“I see video games as more pragmatic than film,” Dunn said. “The Martian makes the overall experience a little more pragmatic in terms of pure emotion. We’re blurring the line between games and movies because games are bringing emotion into gameplay, and we’re bringing some interactivity to our film VR experiences.”

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Stromberg said The Martian VR Experience wasn’t designed with gaming in mind, but the project evolved over time.

“At some point we decided we wanted to have interactive elements to highlight the fact that you were going through the experience as Mark Watney,” Stromberg said. “We started with three, but that led to five.”

Fox debuted the VR experience at the Consumer Electronics Show in Las Vegas this past January, where the HTC Vive version received a boost courtesy of a D-Box rumble seat. When navigating the rover from the film to the Ares IV rocket across Martian landscapes brought to life using Unreal Engine 4, the full sense of immersion sets in. When users released the grip on the rover’s stick by letting go of the Vive controller’s trigger, the seat pulled them back to replicate the vehicle’s deceleration. Even without this bonus technology, the VR experience does transport users into this film world.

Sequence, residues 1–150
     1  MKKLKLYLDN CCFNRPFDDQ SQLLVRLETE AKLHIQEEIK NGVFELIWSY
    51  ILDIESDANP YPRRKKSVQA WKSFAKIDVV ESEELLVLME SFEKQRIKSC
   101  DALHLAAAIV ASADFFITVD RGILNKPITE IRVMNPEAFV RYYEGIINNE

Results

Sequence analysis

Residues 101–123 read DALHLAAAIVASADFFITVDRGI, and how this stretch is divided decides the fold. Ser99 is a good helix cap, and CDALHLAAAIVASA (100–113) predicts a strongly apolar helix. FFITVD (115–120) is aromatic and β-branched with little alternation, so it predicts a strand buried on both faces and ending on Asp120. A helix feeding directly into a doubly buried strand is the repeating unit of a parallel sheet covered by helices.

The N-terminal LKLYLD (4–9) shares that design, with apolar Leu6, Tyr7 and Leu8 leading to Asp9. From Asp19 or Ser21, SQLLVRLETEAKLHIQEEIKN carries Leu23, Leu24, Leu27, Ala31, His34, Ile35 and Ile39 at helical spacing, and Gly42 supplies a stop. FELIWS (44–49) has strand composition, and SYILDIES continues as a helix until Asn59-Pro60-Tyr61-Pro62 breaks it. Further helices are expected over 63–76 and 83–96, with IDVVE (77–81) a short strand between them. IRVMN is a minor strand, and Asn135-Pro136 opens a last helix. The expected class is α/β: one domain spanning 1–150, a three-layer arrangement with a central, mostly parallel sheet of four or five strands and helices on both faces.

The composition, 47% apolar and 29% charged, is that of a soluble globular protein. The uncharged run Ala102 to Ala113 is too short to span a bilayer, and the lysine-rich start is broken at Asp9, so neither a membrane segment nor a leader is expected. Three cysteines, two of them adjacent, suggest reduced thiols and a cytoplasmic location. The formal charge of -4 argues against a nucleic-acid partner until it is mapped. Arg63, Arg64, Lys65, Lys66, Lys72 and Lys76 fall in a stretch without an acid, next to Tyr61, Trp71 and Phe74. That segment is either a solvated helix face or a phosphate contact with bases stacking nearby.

Stromberg, a two-time Academy Award winner for Best Art Direction (Avatar, Alice in Wonderland), sees virtual reality technology accelerating in the hands of video game and Hollywood creatives.

“When we started working on Avatar we were doing things that weren’t possible 10 years earlier, and by the time we finished the film five years later the technology had grown so fast we had to go back and redo some things,” Stromberg said. “We’ve finally reached a point in time where VR technology is ready, consumers are ready, and if it’s going to succeed now is the optimum moment where all things converge.” 

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Unreal Engine 4 technology is one of the engines powering this new wave of virtual reality.

“VR is like having a wheel, but not knowing what to do with it and then finally someone invented a car that could drive very fast,” Stromberg said. “That car was the Unreal Engine technology, and all the computing technology, and the viewing hardware, and hand controllers and all of these things that weren’t in place before."

As engaging as this first experience is, Stromberg has higher aspirations for future VR projects. After all, he was brought on to helm The Martian VR Experience after principal photography had wrapped. The director of Disney’s Maleficent said the next round of VR cinematic production will be a full experience where you are an observer and not a participant. 

“I want to create a narrative story, so you watch an emotional story unfold in front of you with real situations and actors -- much like a stage play,” Stromberg said. “That’s the next project that I want to see happen. We’ll see projects in the future staged just for the 360-degree experience photographically, as well as game engine projects.”